It was the week that the world had been waiting for. The long-awaited “phase one” trade deal between the US and China was signed on Wednesday. The deal falls far short of a comprehensive trade deal between the two largest economies, but is a welcome first step. As part of the agreement, China is required to increase purchases of US goods and services by $200bn over two years compared to 2017 levels. In return, the US will halve the tariffs it has imposed on $120bn of Chinese goods, although it will continue to levy tariffs on a further $250bn of Chinese imports.
Some analysts are sceptical that China will be able to meet these obligations, and it appears that the US is intent on keeping the status quo until after the after the presidential election in November. Under the terms of the agreement, tariffs will remain in place on Chinese goods for at least 10 months, at which point the US will review progress on its list of demands, including stronger measures to counter IP theft and an abolition of Chinese state subsidies for businesses. Put together, it appears unlikely that a comprehensive “Phase two” deal will be completed this year.
On Friday, China’s Bureau of Statistics said the Chinese economy grew by 6% in the year to December, the lowest rate since 1990 but in line with expectations. GDP growth hit 6.1% in the 2019 calendar year, while other data for December exceeded expectations; retail sales rose at an 8% annual rate (forecast 7.8%) with production up 6.9% (forecast 5.9%). Fixed asset investment was up 5.4% (forecast 5.2%), providing some momentum going in to 2020 and the trade truce.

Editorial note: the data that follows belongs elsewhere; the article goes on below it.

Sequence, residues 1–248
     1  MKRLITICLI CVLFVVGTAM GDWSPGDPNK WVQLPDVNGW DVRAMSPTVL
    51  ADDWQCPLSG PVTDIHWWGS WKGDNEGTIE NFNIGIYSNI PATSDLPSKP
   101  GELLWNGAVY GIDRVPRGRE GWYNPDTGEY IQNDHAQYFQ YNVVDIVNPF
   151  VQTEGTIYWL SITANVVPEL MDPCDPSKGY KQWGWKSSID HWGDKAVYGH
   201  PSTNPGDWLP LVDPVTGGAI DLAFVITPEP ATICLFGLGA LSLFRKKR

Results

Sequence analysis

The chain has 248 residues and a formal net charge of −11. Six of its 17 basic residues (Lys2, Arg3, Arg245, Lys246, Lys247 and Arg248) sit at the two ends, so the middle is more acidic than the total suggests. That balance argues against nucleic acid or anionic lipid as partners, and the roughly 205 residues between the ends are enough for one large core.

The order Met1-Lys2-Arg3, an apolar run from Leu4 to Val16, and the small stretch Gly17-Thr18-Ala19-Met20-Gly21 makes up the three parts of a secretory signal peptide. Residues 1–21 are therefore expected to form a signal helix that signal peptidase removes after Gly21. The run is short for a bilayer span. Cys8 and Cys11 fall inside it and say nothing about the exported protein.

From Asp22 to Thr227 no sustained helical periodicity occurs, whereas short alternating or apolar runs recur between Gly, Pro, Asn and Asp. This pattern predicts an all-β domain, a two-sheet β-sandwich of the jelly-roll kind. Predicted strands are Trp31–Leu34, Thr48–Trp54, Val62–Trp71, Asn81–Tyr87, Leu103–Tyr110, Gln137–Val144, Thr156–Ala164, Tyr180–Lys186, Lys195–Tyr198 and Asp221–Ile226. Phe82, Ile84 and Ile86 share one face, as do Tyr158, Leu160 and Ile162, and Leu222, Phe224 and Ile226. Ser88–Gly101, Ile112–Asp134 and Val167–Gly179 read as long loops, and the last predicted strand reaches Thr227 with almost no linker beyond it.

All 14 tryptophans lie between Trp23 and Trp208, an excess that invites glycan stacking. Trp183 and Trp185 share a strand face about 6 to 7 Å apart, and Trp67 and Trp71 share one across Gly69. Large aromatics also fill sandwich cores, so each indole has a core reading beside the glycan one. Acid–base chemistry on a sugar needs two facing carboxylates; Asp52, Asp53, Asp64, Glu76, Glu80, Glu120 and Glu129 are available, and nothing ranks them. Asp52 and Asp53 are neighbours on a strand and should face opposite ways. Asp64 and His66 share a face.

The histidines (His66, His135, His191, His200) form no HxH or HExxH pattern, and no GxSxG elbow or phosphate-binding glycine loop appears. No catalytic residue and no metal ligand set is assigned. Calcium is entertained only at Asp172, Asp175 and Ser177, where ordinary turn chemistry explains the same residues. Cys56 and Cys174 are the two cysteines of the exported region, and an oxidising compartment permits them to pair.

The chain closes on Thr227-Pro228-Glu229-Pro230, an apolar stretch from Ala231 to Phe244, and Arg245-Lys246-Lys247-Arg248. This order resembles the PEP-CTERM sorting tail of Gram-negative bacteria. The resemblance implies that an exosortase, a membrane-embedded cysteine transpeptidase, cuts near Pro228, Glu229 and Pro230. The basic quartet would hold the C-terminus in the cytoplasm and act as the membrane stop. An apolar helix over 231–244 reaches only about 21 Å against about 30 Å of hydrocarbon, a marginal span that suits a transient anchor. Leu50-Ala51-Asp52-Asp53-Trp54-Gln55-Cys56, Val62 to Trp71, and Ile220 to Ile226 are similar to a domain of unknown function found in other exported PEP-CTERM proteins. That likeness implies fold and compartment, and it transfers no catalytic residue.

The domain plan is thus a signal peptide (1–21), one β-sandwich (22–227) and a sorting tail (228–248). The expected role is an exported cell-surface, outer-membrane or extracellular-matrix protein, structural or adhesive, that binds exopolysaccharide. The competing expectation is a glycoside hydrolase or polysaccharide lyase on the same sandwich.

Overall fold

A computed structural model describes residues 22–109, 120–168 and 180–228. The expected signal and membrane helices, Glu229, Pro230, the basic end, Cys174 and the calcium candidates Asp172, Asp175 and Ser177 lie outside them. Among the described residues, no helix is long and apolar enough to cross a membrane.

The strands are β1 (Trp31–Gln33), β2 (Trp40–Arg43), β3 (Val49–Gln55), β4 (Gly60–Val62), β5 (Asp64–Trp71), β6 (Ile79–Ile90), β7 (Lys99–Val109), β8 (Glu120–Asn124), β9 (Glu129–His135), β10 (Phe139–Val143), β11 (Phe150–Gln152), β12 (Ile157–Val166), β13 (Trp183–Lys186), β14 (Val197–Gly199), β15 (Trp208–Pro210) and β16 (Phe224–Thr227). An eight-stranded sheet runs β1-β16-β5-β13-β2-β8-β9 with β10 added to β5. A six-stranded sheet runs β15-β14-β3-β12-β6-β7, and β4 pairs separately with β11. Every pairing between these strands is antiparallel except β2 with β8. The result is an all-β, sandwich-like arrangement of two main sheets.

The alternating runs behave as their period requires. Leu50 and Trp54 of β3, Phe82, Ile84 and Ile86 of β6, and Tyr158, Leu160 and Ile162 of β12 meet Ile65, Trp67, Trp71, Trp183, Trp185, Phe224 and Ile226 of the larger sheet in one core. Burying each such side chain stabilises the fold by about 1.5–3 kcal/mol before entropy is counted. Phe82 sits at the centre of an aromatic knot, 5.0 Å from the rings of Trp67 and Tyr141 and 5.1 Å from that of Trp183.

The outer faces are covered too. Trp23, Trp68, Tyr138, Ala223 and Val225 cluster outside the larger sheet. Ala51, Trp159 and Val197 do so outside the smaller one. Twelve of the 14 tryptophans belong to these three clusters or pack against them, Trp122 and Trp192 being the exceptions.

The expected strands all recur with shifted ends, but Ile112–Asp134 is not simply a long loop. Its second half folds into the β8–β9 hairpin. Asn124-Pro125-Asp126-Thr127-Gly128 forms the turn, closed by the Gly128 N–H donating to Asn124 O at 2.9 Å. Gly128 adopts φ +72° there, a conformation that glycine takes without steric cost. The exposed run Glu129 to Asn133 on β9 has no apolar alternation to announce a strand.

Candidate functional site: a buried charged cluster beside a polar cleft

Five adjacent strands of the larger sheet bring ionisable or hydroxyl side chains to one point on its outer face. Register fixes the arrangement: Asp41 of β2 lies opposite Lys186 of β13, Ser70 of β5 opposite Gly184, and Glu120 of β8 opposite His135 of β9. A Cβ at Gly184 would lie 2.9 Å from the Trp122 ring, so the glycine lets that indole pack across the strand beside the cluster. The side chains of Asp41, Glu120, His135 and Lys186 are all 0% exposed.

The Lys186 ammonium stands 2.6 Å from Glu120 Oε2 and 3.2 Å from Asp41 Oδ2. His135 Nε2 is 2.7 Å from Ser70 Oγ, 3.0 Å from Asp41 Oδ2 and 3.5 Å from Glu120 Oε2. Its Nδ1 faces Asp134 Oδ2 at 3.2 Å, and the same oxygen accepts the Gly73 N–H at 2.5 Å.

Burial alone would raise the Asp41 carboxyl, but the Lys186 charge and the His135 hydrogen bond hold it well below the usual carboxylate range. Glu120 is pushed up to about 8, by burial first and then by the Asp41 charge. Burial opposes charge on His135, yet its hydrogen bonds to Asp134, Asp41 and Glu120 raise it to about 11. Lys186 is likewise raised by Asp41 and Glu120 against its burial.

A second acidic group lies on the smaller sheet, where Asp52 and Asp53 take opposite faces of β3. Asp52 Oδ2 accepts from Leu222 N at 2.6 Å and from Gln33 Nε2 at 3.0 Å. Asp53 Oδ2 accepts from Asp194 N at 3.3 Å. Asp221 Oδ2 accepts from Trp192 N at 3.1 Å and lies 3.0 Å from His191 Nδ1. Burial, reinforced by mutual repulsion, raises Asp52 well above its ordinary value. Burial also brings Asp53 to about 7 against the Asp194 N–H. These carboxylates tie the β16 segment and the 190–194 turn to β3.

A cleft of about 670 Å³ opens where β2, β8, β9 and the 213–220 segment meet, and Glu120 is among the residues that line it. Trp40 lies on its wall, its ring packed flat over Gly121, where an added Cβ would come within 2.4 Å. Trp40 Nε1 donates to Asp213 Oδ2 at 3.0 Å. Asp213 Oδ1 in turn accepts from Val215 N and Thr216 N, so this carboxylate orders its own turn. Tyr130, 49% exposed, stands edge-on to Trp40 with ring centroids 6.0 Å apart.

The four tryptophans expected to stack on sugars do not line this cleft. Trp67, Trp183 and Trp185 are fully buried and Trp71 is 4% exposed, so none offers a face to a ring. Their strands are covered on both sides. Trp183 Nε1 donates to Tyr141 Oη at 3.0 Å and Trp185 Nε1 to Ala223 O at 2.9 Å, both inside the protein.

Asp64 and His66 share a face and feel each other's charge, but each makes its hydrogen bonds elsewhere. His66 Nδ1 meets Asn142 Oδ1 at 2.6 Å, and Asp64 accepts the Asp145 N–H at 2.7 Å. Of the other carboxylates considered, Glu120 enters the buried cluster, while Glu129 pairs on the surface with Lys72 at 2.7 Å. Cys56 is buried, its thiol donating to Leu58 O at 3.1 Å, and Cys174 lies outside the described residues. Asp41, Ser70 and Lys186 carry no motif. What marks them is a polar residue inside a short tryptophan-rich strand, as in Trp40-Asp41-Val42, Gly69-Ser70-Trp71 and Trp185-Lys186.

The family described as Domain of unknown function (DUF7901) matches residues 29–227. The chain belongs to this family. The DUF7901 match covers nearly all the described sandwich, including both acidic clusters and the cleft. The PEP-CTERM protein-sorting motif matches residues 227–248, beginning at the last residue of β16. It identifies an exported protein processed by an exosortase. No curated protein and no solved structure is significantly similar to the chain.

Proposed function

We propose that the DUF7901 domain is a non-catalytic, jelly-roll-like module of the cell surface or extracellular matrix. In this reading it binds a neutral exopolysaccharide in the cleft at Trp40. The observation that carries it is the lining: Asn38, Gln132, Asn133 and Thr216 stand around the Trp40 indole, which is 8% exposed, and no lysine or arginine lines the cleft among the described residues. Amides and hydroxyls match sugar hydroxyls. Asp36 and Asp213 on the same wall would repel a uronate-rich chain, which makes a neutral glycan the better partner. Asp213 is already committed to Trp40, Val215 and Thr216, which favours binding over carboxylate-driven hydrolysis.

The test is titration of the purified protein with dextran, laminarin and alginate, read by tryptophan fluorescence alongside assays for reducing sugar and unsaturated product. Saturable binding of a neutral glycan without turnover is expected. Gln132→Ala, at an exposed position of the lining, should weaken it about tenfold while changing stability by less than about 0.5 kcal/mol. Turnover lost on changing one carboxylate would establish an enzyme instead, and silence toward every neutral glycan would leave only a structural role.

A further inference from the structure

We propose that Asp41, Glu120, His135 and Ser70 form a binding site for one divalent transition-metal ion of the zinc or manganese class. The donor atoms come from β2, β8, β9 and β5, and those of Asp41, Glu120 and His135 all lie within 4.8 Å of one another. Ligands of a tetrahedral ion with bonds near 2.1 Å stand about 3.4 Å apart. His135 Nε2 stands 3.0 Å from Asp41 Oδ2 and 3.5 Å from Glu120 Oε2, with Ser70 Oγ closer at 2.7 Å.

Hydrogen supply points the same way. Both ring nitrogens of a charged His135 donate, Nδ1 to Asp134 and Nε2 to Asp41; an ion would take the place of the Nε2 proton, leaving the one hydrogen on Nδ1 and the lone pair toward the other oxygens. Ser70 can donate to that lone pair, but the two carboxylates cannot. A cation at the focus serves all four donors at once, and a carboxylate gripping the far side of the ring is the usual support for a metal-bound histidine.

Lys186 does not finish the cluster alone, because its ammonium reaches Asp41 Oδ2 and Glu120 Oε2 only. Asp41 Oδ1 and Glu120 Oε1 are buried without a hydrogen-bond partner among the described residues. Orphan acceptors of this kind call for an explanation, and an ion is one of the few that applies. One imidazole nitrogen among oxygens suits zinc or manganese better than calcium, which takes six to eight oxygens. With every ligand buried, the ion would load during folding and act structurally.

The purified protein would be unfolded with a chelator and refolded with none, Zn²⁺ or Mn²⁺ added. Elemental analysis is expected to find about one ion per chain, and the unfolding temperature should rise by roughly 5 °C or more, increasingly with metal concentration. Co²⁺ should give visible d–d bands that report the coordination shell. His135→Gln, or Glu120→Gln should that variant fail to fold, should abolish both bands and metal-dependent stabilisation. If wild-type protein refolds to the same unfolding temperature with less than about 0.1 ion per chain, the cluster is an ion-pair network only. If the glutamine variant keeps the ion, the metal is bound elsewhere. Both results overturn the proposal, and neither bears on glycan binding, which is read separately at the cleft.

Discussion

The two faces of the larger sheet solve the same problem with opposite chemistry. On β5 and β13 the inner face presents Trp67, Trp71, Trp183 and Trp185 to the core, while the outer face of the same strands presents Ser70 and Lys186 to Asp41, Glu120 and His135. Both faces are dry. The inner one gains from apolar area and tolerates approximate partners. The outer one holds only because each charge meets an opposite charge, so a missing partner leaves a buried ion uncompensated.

Closer to home, alarm bells started ringing at the start of the week when the Office for National Statistics (ONS) revealed that the UK economy contracted in November, leading to its worst annual performance in nearly eight years. The reading from the ONS, showing economic activity shrank by -0.3% in November, was way below the flat reading of 0% figure that had been forecast. The details in the ONS release are concerning, with the manufacturing sector contracting by 1.7% and the key services sector, which accounts for around 80% of GDP, falling by 0.3% in November, more than offsetting the 1.9% growth in the construction sector. On a less volatile quarterly basis, the UK economy grew by 0.1% in the three months to November, but the trend is clearly downwards. Head of GDP at the ONS, Rob Kent-Smith, said: “Overall, the economy grew slightly in the latest three months, with growth in construction pulled back by weakening services and another lacklustre performance from manufacturing. “The UK economy grew slightly more strongly in September and October than was previously estimated, with later data painting a healthier picture.” However, he added: “Long term, the economy continues to slow, with growth in the economy compared with the same time last year at its lowest since the spring of 2012.”
The news immediately led to speculation of an imminent rate cut; money markets are now pricing in a 50% chance of a 0.25% rate reduction when the Bank of England’s Monetary Policy Committee meets on January 30th. The pound fell to below $1.30 against the US dollar for the first time this year on the news. The case for a rate cut was boosted on Wednesday when the latest inflation data showed that the cost of living rose by just 1.3% in the year to December, falling from 1.5% in the previous two months and further away from the Bank of England’s target rate of 2%. Taken together with the poor GDP data, markets are now pricing in a 100% probability of an interest-rate cut by August.
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